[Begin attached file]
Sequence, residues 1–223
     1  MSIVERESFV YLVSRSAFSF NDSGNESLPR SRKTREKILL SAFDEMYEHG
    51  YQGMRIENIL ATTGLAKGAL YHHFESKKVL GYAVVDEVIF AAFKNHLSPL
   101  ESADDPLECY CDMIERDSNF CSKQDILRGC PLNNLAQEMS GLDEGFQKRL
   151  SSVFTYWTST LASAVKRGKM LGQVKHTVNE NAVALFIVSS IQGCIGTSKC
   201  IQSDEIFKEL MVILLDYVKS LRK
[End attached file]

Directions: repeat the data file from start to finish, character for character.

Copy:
Sequence, residues 1–223
     1  MSIVERESFV YLVSRSAFSF NDSGNESLPR SRKTREKILL SAFDEMYEHG
    51  YQGMRIENIL ATTGLAKGAL YHHFESKKVL GYAVVDEVIF AAFKNHLSPL
   101  ESADDPLECY CDMIERDSNF CSKQDILRGC PLNNLAQEMS GLDEGFQKRL
   151  SSVFTYWTST LASAVKRGKM LGQVKHTVNE NAVALFIVSS IQGCIGTSKC
   201  IQSDEIFKEL MVILLDYVKS LRK